capital rationing

Capital rationing

Placing limits on the amount of new investment undertaken by a firm, either by using a higher cost of capital, or by setting a maximum on the entire capital budget or parts of it.

Capital Rationing

The act or practice of limiting a company's investment. That is, capital rationing occurs when a company's management places a maximum amount on new investments it can make over a given period of time. The two methods of capital rationing are forbidding investments over a certain amount or increasing the cost of capital for such investments. Capital rationing is most common when a company's previous investments have not performed well.

capital rationing

a situation where a firm selects an annual capital budget which is less than the amount required to undertake all INVESTMENTS promising a rate of return in excess of the cost of capital. For example, if a firm requires a minimum 20% return on any investment then all of the appropriate investment opportunities available to the firm which promise a return of 20% or more may involve a total expenditure of, say, £10 million. However, if the firm decides that it is willing to spend only £6 million, then it must rank investment opportunities in descending order of rate of return, undertaking those with the highest promised return and rejecting others even though the latter opportunities promise a re- turn greater than the 20% cost of capital. The firm is said to be in a situation of capital rationing because it is investing less than the amount dictated by usual profit maximizing criteria. See CAPITAL BUDGETING, INVESTMENT APPRAISAL.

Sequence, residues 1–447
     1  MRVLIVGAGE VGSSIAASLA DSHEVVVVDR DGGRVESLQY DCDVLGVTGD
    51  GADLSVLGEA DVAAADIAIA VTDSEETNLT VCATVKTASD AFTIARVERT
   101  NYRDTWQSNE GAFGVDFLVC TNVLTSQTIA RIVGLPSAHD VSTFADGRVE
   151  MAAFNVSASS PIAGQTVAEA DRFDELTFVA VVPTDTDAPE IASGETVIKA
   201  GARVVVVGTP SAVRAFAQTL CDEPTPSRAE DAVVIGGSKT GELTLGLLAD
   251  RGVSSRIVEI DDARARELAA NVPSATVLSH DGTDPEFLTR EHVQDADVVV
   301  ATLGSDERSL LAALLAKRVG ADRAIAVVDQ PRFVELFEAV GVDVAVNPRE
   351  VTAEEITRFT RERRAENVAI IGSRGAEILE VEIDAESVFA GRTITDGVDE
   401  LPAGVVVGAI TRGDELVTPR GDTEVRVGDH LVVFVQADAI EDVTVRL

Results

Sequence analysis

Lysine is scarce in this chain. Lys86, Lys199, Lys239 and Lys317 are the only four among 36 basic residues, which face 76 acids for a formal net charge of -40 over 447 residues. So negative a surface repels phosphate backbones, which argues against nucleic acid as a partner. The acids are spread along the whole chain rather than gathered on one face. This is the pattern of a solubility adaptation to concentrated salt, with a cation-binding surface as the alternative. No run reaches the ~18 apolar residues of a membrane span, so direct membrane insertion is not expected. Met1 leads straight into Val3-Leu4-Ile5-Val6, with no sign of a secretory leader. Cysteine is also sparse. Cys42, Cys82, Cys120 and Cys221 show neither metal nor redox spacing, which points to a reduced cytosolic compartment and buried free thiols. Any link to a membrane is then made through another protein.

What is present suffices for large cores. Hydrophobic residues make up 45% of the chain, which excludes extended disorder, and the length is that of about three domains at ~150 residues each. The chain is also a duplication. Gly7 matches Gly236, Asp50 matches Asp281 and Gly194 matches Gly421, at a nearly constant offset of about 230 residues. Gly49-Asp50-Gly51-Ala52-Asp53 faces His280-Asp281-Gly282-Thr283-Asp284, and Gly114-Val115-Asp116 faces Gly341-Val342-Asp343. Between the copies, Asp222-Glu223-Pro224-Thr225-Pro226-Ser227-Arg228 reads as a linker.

References in periodicals archive ?
In "The Effect of Financing Sources on the Usefulness of Financial Reporting Quality in Guiding Investments," Kevin Sun shows that ineffective monitoring and capital rationing by shareholders and banks, due to information asymmetry, may result in a lack of management's investment responses to changes in growth opportunities.
Credit committees were often approving only 25 per cent of viable applications due to capital rationing and taking a very selective stance.
The continued impact of that capital rationing can be seen even now as some of the UK's biggest banks withdraw from parts of the SME lending market such as asset finance.
A company may adopt a posture of capital rationing because it is unwilling to use external sources of financing for its capital expenditures.
The case provides an opportunity to consider the effects of capital rationing.
IRR has also been criticised because it doesn't always correctly evaluate mutually exclusive projects or ensure the best allocation of resources when capital rationing occurs.
The impact of liability risk on the cost of capital can be significant and may lead to capital rationing.
While it is typically assumed that all value-generating projects should be accepted, Shapiro addresses the important issue of limited project choice due to capital rationing or mutual exclusivity in the chapter's appendix.
It shows that such programs may, in addressing information deficiencies, serve to uncover various other barriers such as constrained information flows within firms and capital rationing.
Such underinvestment, or capital rationing, as a result of adverse selection is consistent with shareholders curtailing informational rents earned by their privately informed managers at the expense of reduced efficiency (e.
Successful financial managers must arrange funding from various sources, some of which are not traditional lenders; consider strict capital rationing for new capital projects; ally with partners to meet the company's strategic mission; and be prepared to motivate credit sources with equity sweeteners.
On the topic of planning he talks about capital rationing and shows how a nine-step Heuristic approach works in the process of selecting a project from a list of several.

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